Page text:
The Improviser

Driven by her passion for music, pianist Orit Wolf shares it with the public in more ways than one.

Orit Wolf 311 (photo credit: Courtesy)
Orit Wolf 311
(photo credit: Courtesy)
Orit Wolf – pianist, composer, improviser, lecturer and, above all, one of most creative, intriguing and unpredictable music personalities on the local classical stage – will open her 10-concert series with the Aperitif for Piano Solo evening on Thursday, November 17.
Wolf spoke to me about her love of music and her urge to share it with others.
At a time when classical music institutions are fighting for audiences, she is the last to blame the potential listeners for their lack of interest but is the first to ask herself what is wrong with the way music is presented nowadays. She constantly looks for new ways of attracting people to what is most dear to her.
Her own path to classical music was quite natural. Born in Jerusalem into a non-musical family, she took matters into her hands at the age of six. As a first grader, she would accompany her childhood friend to private piano lessons. “For three months, twice a week, I sat near the piano and listened. And then one day coming home from school, I simply took my mother and brought her to the teacher – she didn’t even know where we were going!” she recounts.
A brief exam proved that the girl had perfect pitch, but it took an additional four months, during which Wolf went to play the piano at her friend’s home every day, before her parents realized that it wasn’t a case of a teacher trying to get money from them but that their deteremined daughter had a gift for music and really wanted to study piano. And she got an instrument of her own.
“I think this is very characteristic,” says Wolf. “My parents never told me to play, to practice – it all came from inside as a burning passion for music. Today I think it was that passion that has led me to success.”
She later moved to the renowned teacher Hanna Shalgi, “who was totally dedicated to her students but demanded total dedication to music in return, and there are negative sides to that, too. Because I believe that a true musician needs to experience other worlds as well.”
Wolf started to participate in competitions and to appear in public at age nine, “and quite soon I learned the ruthless rules of the game. I learned to lose and to win, to analyze the reasons of both, to try to repeat the latter and to avoid the former.”
There were several important events that changed her life. “I was 12, performing in a live broadcast on the Voice of Music station when there was a blackout. Thus I realized that you cannot rely on what you prepared at home, so I started to study composition and improvisation with composer Andre Haidu. Since then, I’ve been improvising all my life. This is like insurance – I know that improvisation will get me out of any trouble.”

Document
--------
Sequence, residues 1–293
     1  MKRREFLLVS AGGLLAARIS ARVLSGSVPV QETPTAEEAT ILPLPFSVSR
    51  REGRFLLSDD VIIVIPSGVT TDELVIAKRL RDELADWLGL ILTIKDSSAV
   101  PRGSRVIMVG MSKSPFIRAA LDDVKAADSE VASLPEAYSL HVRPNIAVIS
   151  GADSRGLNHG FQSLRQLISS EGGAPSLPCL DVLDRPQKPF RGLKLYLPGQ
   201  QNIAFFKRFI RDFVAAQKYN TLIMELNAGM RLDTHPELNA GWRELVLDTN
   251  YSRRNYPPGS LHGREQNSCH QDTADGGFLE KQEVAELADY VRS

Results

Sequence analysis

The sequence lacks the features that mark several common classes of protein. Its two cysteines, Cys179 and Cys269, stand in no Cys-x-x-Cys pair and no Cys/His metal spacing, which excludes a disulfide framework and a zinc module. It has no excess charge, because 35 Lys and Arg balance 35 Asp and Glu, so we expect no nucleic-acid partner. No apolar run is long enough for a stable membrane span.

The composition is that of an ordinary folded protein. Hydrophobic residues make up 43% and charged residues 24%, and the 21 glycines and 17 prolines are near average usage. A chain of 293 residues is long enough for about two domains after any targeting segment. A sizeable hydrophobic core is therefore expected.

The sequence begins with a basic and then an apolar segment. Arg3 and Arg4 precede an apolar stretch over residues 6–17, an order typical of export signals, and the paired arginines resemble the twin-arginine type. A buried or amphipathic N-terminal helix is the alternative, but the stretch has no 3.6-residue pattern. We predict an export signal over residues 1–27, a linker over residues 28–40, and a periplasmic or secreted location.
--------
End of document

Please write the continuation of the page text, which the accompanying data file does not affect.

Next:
At 17, she received a scholarship to study at Boston University with Lucas Foss. “That was an exciting time, very fruitful, with a lot of performances, but also personal challenges and dramas. At some point I lost my sponsor, and struggled to survive. But again, it helped me to learn the rules of life.”
She continued her studies at the Royal Academy of Music in London with Maria Curcio, where she has finalized what she calls her “success pattern.” Wolf recalls, “I was alone. I never asked anybody for help. I was managing my life on my own and always entered through the front door and not through the window. And I played throughout Europe with wonderful orchestras.”
On her return to Israel, she continued with her performing career, adding to it the role of university teacher. In addition, due to her strong interest in improvisation, she finds herself lecturing to top managers of banks, hi-tech and other major companies on improvised decisionmaking, on developing creativity and on techniques of reverse engineering of success and failure. “I just bring my experience in tracking my music success into the world of business. In many ways, this is the most challenging and rewarding activity,” she admits.
But her major dream has always been to bring new audiences to classical music and to talk to them about music. “In Israel, people simply have no proper access to classical music. It is not widely taught, and it has the stigma of being boring and outdated, an entertainment for snobs and the older generation.”
Wolf’s response to the situation was to create a concert series of her own. She tried various patterns and approaches, she changed locales, she never gave up; and now she presents two totally different series at the Tel Aviv Museum of Art. In her major series of lecture concerts, she hosts leading Israeli musicians, such as violinist Sergey Ostrovsky, cellist Simha Heled, the Carmel Quartet, and pianists Aviram Reichert and Lahav Shani.
In her Trio series, she invites people from non-musical fields, such as actor Lior Ashkenazi and Prof. Haim Shapiro to her music matinees to share their ideas of what creativity is about.
November 17, Recanati concert hall, Tel Aviv Museum of Art. For more information: